GENEVA Formula One decided to pack five European races into six weeks on its 2018 calendar because organizers wanted to avoid a clash with the World Cup final in Russia, chairman Chase Carey said on Tuesday.
The 21-race calendar was published by the governing International Automobile Federation (FIA) on Monday with grands prix in France, Austria and Britain taking place on successive weekends on June 24, July 1 and 8.
Races in Germany and Hungary will also be held on July 22 and 29.
The 2018 World Cup final will take place at Moscow’s Luzhniki Stadium on July 15.
“Every year there is always a unique thing we’re playing around and next year it has got this unique event, the World Cup final,” Carey said at an FIA Sport Conference in Geneva.
“So part of the schedule of having three (races) in a row was because we did not think it was ideal for a promoter to have an event (go) head-to-head with the World Cup final.”
Carey said Formula One management had discussed the situation with promoters before deciding to hold the unprecedented triple-header.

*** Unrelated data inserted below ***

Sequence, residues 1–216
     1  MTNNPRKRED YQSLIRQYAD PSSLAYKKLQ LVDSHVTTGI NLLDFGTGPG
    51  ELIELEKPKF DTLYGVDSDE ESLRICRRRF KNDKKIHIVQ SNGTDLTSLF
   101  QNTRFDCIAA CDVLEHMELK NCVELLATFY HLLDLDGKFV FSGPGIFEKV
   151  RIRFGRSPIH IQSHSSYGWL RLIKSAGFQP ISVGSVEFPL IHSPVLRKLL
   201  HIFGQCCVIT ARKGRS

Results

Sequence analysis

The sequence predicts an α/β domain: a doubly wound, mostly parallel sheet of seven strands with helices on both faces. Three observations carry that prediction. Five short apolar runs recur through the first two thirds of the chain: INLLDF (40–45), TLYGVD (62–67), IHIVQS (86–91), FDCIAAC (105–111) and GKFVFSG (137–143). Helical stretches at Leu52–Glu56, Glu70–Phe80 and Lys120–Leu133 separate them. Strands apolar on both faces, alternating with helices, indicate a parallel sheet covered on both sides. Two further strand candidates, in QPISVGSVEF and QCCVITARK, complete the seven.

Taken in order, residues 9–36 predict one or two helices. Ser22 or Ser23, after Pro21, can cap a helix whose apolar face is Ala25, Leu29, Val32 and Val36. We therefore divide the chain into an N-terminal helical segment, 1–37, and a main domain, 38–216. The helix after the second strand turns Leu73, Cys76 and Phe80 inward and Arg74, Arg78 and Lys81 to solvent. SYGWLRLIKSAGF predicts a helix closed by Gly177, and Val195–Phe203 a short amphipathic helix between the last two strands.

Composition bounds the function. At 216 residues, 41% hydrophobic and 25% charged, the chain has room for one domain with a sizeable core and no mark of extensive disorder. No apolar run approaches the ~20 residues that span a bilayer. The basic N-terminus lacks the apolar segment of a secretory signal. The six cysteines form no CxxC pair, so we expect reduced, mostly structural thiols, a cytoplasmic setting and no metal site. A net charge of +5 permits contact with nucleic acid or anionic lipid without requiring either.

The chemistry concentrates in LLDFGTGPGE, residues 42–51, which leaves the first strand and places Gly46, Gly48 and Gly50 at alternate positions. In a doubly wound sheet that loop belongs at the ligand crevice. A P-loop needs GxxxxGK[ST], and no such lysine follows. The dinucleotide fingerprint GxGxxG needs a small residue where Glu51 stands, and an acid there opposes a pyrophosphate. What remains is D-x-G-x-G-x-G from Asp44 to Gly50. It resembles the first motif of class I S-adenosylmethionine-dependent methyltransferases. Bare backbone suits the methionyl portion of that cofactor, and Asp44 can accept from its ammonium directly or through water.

“We made sure with our partners that it was manageable,” he added. “I think everybody thought that was manageable and within that schedule (we) did preserve the four-week break in August.”
The 2018 calendar has one more race than this year’s due to the return of France, after a 10-year absence, and Germany while Malaysia departs.
China and Singapore were both listed with asterisks against them, as subject to confirmation with the commercial rights holder, but Carey said there was no concern about those races not happening.
He also did not expect the draft calendar to change, as was the case in past years when former supremo Bernie Ecclestone drew it up.
“It’s just the reality of having agreements that have come up. We’re negotiating new agreements, we’re having good, constructive discussions, and expect to get there,” Carey said of the two Asian races.
“We don’t expect it to be 19, we expect it to be 21. We wouldn’t have put it out if we didn’t expect it to be 21, but the reality is we don’t have a completed agreement.”
(Writing by Alan Baldwin in London, editing by Pritha Sarkar)